Once thought to be a concept only sci-fi movies could produce, Artificial Intelligence (AI) has become a topic of our mainstreams and every day.
The potential of AI enhancing everyday business activities and strategies hasn’t just sparked the interest of people and organizations globally but has initiated rapid implementation.
But, what is AI?
Artificial Intelligence is intelligence displayed by machines, in which, learning and action-based capabilities mimic autonomy rather than process-oriented intelligence.
The simplest way to understand the potential application of AI is to clearly define its potential value added.
Introduced by Gartner Analyst, Noha Tohamy, at Gartner’s Supply Chain Executive Conference, AI was broken down into two categories:
- “Augmentation: AI, which assists humans with their day-to-day tasks, personally or commercially without having complete control of the output. Such Artificial Intelligence is used in Virtual Assistant, Data analysis, software solutions; where they are mainly used to reduce errors due to human bias.
- Automation: AI, which works completely autonomously in any field without the need for any human intervention. For example, robots performing key process steps in manufacturing plants” (arkieva.com 2017).
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Understanding these two categories of AI capacities is important for future implementation of AI into business work tools. In particular, the application of AI into Supply Chain related-tasks holds high potential for boosting top-line and bottom-line value.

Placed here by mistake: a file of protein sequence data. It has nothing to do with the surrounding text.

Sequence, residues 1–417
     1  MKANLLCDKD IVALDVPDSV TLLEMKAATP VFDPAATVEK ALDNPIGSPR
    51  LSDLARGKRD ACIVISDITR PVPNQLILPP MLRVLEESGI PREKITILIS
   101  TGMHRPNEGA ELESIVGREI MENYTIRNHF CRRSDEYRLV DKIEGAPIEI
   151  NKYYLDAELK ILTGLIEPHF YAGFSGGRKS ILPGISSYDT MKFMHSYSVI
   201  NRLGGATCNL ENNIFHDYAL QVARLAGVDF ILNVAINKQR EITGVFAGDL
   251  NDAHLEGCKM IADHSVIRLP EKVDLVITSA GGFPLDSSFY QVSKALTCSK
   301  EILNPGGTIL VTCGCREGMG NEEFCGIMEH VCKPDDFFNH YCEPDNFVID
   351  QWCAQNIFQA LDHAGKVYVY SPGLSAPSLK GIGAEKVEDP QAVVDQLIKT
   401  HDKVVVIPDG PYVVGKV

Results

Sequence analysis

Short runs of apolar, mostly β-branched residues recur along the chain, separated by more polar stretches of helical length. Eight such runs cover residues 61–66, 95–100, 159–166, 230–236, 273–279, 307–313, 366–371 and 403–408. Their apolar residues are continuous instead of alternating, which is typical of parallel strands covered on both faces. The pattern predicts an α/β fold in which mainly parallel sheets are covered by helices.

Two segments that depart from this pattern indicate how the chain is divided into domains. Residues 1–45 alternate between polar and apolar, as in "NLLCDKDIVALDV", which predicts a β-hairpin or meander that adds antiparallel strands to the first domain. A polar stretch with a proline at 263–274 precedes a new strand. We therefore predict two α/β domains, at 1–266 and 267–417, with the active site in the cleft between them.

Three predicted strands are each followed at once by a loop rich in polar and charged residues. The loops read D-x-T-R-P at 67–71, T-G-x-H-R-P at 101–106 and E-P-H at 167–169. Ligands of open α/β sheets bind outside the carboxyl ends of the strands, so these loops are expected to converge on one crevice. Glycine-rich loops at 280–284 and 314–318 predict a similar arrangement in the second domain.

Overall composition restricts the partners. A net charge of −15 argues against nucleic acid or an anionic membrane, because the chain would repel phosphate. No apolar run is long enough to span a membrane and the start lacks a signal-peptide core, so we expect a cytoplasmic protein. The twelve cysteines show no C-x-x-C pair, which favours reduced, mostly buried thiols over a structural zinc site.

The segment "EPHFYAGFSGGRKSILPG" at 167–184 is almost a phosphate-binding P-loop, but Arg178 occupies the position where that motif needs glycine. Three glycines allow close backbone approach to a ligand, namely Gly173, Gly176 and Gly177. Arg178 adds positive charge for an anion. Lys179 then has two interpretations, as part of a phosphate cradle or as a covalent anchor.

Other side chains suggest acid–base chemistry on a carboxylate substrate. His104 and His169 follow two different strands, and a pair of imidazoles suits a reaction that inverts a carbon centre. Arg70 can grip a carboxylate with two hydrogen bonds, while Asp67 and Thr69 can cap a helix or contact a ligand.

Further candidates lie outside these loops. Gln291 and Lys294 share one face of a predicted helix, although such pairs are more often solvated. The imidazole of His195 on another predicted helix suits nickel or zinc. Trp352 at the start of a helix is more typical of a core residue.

Previous studies, by the Tungsten Network, have suggested that valuable time and money is wasted on trivial supply chain related-tasks that are conducted operationally by humans.
“Businesses estimate they spend on average per week around 55 hours doing manual, paper-based processes and checks; 39 hours chasing invoice exceptions, discrepancies and errors and 23 hours responding to supplier inquiries” (mhlnews.com 2017).
This loss- has been equated to around 6500 hours, during the work year, that businesses are throwing away by processing papers, fixing purchase orders, and replying to suppliers.
Imagine if a business could automate such tasks that are (more or less) ‘wasting time’.
Well… There’s not really any need to imagine anymore. Companies, even at that enterprise level, have already begun the implementation of AI tech into everyday supply chain tasks. Tech vendors such as IBM, Google, and Amazon have released products that utilize artificial intelligence.
“McKinsey estimated that tech giants such as Google and Baidu spent some $20 billion to $30 billion on AI last year, of which 90% was on research and development and the rest on acquisitions of intellectual properties or companies” (asq.org 2017).
The graphic below shows a breakdown of the applications of AI in 835 different companies in the past year.
While the potential for AI application and implementation is quickly visualized in this graph, it lacks a percentage designated to supply chain management (SCM). That’s because, of the companies surveyed, the application of AI into SCM-related activities hasn’t been actualized on a wide scale.